19. In-lake Modeling Recommendation Report for Lake Champlain TMDL

    EPA Pesticide Factsheets

    This report describes the recommended modeling approach for the in-lake modeling component of the Lake Champlain TMDL project. The report was prepared by Tetra Tech, with input from the Lake Champlain modeling workgroup. (TetraTech, 2012b)

  20. View of Lake Sabrina Dam and Lake Sabrina from east ...

    Library of Congress Historic Buildings Survey, Historic Engineering Record, Historic Landscapes Survey

    View of Lake Sabrina Dam and Lake Sabrina from east ridge showing spillway at photo center, view southwest - Bishop Creek Hydroelectric System, Plant 2, Lake Sabrina Dam, Bishop Creek, Bishop, Inyo County, CA

  1. Evidence of deep circulation in two perennially ice-covered Antarctic lakes

    USGS Publications Warehouse

    Tyler, S.W.; Cook, P.G.; Butt, A.Z.; Thomas, J.M.; Doran, P.T.; Lyons, W.B.

    1998-01-01

    The perennial ice covers found on many of the lakes in the McMurdo Dry Valley region of the Antarctic have been postulated to severely limit mixing and convective turnover of these unique lakes. In this work, we utilize chlorofluorocarbon (CFC) concentration profiles from Lakes Hoare and Fryxell in the McMurdo Dry Valley to determine the extent of deep vertical mixing occurring over the last 50 years. Near the ice-water interface, CFC concentrations in both lakes were well above saturation, in accordance with atmospheric gas supersaturations resulting from freezing under the perennial ice covers. Evidence of mixing throughout the water column at Lake Hoare was confirmed by the presence of CFCs throughout the water column and suggests vertical mixing times of 20-30 years. In Lake Fryxell, CFC-11, CFC-12, and CFC-113 were found in the upper water column; however, degradation of CFC-11 and CFC-12 in the anoxic bottom waters appears to be occurring with CFC-113 only present in these bottom waters. The presence of CFC-113 in the bottom waters, in conjunction with previous work detecting tritium in these waters, strongly argues for the presence of convective mixing in Lake Fryxell. The evidence for deep mixing in these lakes may be an important, yet overlooked, phenomenon in the limnology of perennially ice-covered lakes.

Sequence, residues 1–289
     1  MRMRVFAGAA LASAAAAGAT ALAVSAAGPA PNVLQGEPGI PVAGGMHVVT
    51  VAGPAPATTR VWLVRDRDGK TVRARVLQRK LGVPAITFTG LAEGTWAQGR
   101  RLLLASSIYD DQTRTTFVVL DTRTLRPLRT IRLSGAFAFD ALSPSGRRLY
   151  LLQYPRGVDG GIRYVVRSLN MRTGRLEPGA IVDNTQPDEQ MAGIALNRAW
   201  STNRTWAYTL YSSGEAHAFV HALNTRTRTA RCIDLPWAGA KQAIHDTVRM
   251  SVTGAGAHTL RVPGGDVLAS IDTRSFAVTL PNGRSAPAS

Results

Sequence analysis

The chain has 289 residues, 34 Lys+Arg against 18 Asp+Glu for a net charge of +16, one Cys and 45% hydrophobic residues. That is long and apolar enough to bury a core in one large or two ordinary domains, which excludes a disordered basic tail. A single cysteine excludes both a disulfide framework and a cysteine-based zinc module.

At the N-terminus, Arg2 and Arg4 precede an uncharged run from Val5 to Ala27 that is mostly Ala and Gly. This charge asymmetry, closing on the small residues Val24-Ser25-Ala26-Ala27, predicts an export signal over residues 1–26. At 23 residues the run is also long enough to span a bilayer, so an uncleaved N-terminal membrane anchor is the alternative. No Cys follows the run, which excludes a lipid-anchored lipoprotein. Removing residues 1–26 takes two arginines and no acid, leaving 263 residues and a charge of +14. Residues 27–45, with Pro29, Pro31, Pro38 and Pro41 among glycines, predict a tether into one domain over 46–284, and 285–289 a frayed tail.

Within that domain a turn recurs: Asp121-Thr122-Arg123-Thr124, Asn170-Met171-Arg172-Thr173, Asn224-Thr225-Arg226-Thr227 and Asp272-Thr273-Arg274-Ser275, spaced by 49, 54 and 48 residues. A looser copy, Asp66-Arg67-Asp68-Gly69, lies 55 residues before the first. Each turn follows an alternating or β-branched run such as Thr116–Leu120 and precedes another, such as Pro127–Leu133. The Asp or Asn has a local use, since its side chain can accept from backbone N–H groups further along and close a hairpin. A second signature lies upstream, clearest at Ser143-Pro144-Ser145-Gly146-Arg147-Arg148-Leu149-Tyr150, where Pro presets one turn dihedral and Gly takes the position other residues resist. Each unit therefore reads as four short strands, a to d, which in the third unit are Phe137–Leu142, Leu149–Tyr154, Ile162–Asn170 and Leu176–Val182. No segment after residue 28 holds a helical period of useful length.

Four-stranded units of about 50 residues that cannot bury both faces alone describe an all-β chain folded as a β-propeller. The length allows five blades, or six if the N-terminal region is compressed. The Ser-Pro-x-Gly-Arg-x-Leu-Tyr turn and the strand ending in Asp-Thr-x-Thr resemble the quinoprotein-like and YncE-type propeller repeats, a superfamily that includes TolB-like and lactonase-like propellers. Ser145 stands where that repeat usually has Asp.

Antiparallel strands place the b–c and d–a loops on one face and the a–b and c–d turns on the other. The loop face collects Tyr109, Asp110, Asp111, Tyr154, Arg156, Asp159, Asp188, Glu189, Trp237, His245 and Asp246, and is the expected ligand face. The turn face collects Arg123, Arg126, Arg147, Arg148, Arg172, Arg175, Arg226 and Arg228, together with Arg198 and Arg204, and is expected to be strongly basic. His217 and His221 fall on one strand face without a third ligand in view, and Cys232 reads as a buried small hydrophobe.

2. Water balance of selected floodplain lake basins in the Middle Bug River valley

    NASA Astrophysics Data System (ADS)

    Dawidek, J.; Ferencz, B.

    2014-04-01